Sunday, May 26, 2019

Faculty Committee Proposes Improvements to Honor Code



Last year, the Faculty Conference selected a special faculty committee to evaluate the College’s student honor code and disciplinary system. This committee examined the Integrity Contract and the disciplinary processes for academic dishonesty and social misconduct.  The system in use today was created more than a decade ago and, as such, the committee was charged with proposing any improvements that might be needed to update the system.

During the 2013-14 academic year, the committee met weekly to examine the current system, “interviewing a wide range of administrators, faculty, and students” according to an e-mail sent out by the committee.  For example, they conducted an online survey of Faculty and graduating seniors, and they examined the disciplinary procedures of Trinity’s peer institutions.

Over the summer, the committee came up with a series of proposals in the form of motions for the Faculty to look over and vote on at its meeting on Nov. 11.  These changes that the committee proposed were also included in an e-mail sent out to the Trinity community at large. Already, the committee has stated that they have begun to revise these proposals in response to suggestions from some Faculty members. They have also expressed encouragement for the community to add any critiques so that they might further improve these proposals.

Many of the issues that these proposals address are those that are concerned with the Academic Dishonesty Procedures. The committee’s motion is to establish a procedure “under which all penalties for academic dishonesty are imposed through either a First Offender Resolution Process or an Academic Dishonesty Hearing…”. Accordingly, the First Offender Resolution Process would be an option in the case of a student who has been charged with an academic dishonesty violation but who has no previous academic dishonesty violation on file, as well as for a student who admits guilt to the charge. Furthermore, in this situation, the maximum sanction that may be imposed by the instructor is failure in the course. However, if a student has been charged with academic dishonesty but also has a previous violation file, the Dean of Students Office is required to attend a formal academic hearing. In the same manner, if a student charged as a first offender but does not accept guilt, they must also attend an academic dishonesty hearing. If a student attends such a hearing, an additional sanction may be imposed in combination with that already imposed by the instructor. Some of these sanctions include: academic censure for the remainder of the students’ undergraduate career; academic probation for one or two semesters; suspension from the College for one or two semesters; or expulsion.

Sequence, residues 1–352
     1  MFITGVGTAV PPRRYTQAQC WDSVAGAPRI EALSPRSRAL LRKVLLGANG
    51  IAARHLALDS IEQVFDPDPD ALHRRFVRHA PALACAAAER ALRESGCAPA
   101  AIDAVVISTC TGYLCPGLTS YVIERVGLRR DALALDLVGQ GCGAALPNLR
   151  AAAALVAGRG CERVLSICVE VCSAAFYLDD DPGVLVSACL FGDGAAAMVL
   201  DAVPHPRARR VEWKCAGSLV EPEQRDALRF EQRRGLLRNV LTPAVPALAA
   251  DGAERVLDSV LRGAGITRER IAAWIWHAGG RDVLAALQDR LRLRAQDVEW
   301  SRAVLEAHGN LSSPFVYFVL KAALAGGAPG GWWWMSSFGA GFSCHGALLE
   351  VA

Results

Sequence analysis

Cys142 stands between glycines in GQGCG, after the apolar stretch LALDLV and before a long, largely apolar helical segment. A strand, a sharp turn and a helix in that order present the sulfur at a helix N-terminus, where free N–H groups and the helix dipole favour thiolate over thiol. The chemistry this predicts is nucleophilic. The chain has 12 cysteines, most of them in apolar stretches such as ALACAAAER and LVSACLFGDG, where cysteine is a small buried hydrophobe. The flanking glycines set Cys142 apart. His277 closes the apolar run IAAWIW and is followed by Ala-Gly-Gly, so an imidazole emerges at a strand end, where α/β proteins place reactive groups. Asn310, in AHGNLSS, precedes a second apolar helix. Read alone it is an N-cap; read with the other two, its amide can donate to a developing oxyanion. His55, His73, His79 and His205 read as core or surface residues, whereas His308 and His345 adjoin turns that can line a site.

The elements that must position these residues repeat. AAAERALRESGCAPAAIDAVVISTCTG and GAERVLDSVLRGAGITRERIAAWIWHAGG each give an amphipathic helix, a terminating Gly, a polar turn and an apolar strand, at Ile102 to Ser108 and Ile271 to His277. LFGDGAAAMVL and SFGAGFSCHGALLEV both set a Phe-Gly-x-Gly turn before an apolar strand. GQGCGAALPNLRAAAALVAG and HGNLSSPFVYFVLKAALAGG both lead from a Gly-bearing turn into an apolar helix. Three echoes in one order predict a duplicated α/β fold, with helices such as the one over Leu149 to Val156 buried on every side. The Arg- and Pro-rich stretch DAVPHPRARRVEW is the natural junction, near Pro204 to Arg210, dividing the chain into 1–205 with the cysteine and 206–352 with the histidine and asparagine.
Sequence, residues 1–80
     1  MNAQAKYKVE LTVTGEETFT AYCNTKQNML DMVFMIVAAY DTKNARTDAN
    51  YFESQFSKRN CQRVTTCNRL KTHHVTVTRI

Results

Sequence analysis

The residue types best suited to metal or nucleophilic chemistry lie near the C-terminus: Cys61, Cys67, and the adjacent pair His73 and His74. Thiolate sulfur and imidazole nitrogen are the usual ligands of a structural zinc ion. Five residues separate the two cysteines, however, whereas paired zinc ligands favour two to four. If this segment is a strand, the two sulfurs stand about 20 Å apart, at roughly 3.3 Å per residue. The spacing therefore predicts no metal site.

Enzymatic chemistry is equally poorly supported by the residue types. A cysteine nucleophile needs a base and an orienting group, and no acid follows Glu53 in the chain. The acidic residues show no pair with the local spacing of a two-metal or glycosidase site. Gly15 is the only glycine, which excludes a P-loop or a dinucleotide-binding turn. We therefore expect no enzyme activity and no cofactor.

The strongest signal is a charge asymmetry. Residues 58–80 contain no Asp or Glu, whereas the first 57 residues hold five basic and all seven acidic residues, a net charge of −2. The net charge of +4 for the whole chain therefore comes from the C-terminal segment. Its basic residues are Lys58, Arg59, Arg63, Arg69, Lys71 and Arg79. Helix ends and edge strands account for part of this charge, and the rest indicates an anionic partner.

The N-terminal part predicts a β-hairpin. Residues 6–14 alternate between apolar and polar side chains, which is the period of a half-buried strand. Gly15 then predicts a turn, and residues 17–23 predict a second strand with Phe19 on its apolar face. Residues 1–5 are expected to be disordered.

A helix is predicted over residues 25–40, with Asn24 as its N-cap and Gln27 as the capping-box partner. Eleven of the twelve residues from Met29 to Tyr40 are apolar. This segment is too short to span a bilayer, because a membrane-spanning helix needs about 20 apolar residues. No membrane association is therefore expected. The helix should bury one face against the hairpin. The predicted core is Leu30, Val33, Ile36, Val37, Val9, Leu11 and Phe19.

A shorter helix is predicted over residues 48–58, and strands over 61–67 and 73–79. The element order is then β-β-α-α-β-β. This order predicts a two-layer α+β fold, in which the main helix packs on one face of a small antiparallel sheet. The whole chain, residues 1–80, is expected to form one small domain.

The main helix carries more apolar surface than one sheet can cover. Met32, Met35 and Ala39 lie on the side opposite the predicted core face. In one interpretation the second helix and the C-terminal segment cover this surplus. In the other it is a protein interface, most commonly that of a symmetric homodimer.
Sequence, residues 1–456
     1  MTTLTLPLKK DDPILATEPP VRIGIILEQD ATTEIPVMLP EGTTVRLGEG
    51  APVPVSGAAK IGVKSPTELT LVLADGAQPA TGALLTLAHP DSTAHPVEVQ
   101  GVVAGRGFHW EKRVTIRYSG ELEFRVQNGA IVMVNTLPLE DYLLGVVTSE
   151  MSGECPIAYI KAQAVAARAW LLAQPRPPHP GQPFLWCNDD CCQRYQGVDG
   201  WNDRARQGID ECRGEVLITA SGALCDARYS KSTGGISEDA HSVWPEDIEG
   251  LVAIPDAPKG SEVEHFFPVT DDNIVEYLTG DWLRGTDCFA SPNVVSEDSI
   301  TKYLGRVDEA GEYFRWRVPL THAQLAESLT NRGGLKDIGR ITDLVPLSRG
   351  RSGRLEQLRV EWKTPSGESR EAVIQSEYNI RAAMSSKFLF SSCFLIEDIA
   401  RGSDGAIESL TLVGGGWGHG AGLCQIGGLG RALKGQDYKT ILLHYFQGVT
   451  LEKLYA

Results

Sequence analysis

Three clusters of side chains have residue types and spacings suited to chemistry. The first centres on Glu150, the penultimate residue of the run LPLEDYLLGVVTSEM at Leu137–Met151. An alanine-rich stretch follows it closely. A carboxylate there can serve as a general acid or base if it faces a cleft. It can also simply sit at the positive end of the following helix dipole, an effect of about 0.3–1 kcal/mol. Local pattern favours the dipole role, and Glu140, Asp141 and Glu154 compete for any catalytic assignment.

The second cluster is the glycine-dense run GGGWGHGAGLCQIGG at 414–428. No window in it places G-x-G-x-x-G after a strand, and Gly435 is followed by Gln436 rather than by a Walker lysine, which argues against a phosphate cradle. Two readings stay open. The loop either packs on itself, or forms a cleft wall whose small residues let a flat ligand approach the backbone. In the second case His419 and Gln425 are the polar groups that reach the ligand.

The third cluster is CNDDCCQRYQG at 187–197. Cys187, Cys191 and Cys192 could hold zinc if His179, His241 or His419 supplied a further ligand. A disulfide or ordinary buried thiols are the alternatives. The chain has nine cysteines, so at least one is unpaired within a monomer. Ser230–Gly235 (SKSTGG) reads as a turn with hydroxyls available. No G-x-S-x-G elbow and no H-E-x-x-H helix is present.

The committee also added that to ensure that all infractions are punished similarly, a Jury Panel instead of the Academic Affairs Committee will establish a set of recommended punishments. In addition, the accused student may be accompanied by an advisor from the Trinity Community if he/she gives notice to the Chair of the Hearing Panel in writing at least 72 hours prior to the hearing. Overall, the motion lists the major changes to the former system as: there will now be mandatory reporting of all cases were sanctions are imposed, that there is the creation of an alternative to the hearing process for first offenders, and finally, that there is now an integration of consequences imposed by faculty into the consideration of sanctions through the hearing process.

Other suggested improvements to the honor system from the committee involve the communication and sharing of the college’s policies and procedures with the community. Although they have already announced these proposals to the community at large, they hope to take steps to make students and faculty fully aware of the responsibilities that they agree to uphold in regard to academic and social integrity. Primarily, they hope to spread awareness of these policies through an updated and accessible website. In addition, the committee believes that there needs to be “a concerted effort” to communicate this information to incoming students and faculty alike. As a result, the committee also suggests that students sign a pledge of academic integrity not only at matriculation, but also at the first meeting of every course, and upon submission of written work as appropriate. This, the committee believes, will reinforce and remind students of what they are agreeing to uphold. Finally, they suggest that all academic advisors be informed when a student is charged with academic dishonesty.

As Trinity attempts to improve its academic reputation, it is important that it also reinforces the academic integrity of its students. As a result, the committee in search of a better honor system encourages all who are interested in participating in such progress to share their recommendations. Those who are interested in participating may find more information on the proposals on the college website, and contact Christine McMorris by e-mail with their suggestions.

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